To save the only child of the Zhao Family, whose entire clan was massacred at the hands of a nefarious minister, a doctor sacrifices his own son; after the Zhao child grows up, the doctor becomes intent on seeking his vengeance.
The story begins on a bus, when white-collar worker Ye refuses to give up her seat to a senior citizen. Her defiance is videotaped by a journalist intern and played during a news show. The ... See full summary »
A loose adaptation of Hamlet, "The Night Banquet" is set in an empire in chaos. The Emperor, the Empress, the Crown Prince, the Minister and the General all have their own enemies they would like to finish off at a night banquet.
After more than four hundred years of war between the Shinobi warriors of the Manjidani Koga and Tsubagakure Iga clans, the Lord Hattori Hanzou decrees that they must live in peace. Both ... See full summary »
During China's Tang dynasty the emperor has taken the princess of a neighboring province as wife. She has borne him two sons and raised his eldest. Now his control over his dominion is complete, including the royal family itself.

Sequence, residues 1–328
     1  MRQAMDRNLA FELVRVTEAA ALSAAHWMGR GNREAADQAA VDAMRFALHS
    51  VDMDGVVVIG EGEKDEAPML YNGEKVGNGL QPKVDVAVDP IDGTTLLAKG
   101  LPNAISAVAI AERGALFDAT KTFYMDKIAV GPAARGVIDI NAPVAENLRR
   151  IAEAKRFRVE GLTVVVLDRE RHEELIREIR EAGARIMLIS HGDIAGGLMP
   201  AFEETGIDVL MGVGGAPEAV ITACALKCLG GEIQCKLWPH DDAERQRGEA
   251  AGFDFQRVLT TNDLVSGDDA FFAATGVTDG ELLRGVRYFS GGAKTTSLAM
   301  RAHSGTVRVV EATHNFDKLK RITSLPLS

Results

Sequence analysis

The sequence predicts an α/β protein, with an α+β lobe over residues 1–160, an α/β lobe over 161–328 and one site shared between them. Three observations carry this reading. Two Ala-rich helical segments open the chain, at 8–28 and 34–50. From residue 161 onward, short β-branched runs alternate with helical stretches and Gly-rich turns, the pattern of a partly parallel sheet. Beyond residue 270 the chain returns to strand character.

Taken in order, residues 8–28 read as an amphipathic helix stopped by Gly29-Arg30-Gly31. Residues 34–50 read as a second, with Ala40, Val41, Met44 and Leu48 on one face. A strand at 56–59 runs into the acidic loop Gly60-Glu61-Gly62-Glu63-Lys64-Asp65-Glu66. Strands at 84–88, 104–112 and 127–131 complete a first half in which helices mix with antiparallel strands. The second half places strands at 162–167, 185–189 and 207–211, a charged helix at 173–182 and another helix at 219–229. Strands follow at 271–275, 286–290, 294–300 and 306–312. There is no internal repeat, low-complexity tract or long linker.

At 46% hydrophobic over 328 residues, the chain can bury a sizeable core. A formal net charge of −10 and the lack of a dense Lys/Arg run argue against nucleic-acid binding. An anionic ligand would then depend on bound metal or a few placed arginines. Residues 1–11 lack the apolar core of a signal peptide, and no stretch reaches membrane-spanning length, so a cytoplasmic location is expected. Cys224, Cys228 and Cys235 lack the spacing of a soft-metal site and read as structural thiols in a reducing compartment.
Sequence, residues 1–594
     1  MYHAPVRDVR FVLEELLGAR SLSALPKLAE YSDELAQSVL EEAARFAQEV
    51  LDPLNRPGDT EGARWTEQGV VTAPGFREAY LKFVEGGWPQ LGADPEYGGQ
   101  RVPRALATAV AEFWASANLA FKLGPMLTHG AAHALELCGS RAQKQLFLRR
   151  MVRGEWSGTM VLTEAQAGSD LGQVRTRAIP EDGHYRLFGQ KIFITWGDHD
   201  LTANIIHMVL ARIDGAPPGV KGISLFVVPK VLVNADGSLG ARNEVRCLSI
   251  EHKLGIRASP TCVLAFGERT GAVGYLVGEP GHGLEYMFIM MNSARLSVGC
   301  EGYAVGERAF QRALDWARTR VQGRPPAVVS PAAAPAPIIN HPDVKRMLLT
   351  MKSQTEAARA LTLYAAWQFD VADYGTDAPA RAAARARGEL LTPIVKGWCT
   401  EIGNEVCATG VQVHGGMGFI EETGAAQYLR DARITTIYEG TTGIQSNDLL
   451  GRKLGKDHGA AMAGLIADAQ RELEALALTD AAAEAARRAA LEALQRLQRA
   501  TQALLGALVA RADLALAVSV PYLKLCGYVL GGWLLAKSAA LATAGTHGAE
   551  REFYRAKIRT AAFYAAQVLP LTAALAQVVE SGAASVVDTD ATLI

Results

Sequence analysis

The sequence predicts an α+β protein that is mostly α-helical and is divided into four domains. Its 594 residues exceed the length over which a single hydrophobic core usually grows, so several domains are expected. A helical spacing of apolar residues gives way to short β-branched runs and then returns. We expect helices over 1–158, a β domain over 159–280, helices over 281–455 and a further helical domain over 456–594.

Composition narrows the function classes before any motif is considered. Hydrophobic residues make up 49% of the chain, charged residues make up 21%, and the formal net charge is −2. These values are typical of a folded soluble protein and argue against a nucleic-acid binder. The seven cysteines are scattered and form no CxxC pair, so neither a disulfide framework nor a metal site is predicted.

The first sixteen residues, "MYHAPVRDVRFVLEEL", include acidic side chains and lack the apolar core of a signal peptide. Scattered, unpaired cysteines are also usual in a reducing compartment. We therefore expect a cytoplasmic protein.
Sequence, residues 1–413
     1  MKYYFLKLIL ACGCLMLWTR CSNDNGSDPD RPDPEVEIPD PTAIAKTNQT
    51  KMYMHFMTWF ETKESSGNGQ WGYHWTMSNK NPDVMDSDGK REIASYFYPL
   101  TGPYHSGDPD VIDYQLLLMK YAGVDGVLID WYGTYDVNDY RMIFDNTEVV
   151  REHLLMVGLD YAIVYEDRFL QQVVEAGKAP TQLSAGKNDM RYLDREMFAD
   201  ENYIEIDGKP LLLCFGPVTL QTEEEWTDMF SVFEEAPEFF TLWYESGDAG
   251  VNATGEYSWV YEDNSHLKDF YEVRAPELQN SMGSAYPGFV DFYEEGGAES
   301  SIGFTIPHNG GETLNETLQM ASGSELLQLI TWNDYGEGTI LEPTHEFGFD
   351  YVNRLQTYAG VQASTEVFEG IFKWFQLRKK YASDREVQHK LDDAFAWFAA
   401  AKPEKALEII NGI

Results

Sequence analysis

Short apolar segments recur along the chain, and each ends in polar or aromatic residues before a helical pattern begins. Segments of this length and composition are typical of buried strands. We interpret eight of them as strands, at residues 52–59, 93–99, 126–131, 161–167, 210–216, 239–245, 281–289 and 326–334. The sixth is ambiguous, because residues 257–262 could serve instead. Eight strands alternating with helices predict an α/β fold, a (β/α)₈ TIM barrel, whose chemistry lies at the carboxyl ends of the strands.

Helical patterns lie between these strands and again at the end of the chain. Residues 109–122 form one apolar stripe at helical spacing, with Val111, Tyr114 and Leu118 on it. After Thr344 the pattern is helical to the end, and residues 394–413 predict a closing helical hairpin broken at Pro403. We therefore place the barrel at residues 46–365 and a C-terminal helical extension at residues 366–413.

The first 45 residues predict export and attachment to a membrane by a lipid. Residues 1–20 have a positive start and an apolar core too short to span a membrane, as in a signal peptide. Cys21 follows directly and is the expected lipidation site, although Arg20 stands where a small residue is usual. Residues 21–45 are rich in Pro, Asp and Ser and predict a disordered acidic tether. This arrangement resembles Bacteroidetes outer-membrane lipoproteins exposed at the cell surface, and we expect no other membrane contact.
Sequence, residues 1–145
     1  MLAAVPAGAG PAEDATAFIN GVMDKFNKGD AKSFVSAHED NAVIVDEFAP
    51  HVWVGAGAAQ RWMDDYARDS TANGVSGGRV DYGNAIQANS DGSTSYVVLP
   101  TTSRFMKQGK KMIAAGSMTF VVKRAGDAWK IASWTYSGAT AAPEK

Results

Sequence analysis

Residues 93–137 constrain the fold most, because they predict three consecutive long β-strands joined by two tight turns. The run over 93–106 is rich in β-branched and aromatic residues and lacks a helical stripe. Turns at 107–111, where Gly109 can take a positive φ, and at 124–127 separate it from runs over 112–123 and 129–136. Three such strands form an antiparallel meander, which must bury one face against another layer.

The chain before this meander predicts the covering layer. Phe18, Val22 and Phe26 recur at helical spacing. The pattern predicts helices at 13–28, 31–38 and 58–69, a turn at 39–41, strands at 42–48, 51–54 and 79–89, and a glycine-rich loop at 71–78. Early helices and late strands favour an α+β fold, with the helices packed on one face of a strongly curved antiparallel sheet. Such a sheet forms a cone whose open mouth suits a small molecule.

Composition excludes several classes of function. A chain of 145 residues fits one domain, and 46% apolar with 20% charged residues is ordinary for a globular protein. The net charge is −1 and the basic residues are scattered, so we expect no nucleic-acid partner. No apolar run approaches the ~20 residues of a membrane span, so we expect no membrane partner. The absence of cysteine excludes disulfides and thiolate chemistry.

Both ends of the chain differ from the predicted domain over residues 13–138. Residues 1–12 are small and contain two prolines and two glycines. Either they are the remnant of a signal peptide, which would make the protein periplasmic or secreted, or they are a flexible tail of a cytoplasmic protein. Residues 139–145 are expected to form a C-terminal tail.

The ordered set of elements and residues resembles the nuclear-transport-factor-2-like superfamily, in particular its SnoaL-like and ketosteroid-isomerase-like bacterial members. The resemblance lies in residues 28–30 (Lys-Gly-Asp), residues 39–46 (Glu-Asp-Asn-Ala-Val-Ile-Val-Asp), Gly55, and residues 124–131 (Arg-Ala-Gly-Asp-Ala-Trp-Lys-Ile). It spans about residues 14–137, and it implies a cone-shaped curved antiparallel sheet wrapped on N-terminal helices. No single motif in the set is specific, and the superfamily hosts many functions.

When the world was young, laid a Kingdom between the Land of Snow and the Barbarian Territory where gods and men lived side by side and promises were lies. When the poor and starving orphaned girl Qingcheng meets the Goddess Manshen, she accepts to become the wealthy beauty of beauties with the curse that she would lose every man she loves, unless three things happen: snow falls in the spring, time moves backwards and the dead comes back to life. Years later, the slave Kunlun helps the Great General Master of the Crimson Armor Guangming to defeat a barbarian army with almost seven times more warriors, and Kunlun becomes his slave. When Guangming is wounded, he asks Kunlun to wear his armor and save the king from the cruel Duke of the North Wuhuan that put the Imperial City under siege with his army. However, Kunlun kills the king to save Princess Qingcheng and promises her to never let her die. Princess Qingcheng falls in love for the man of the crimson armor that she believes is ... Written by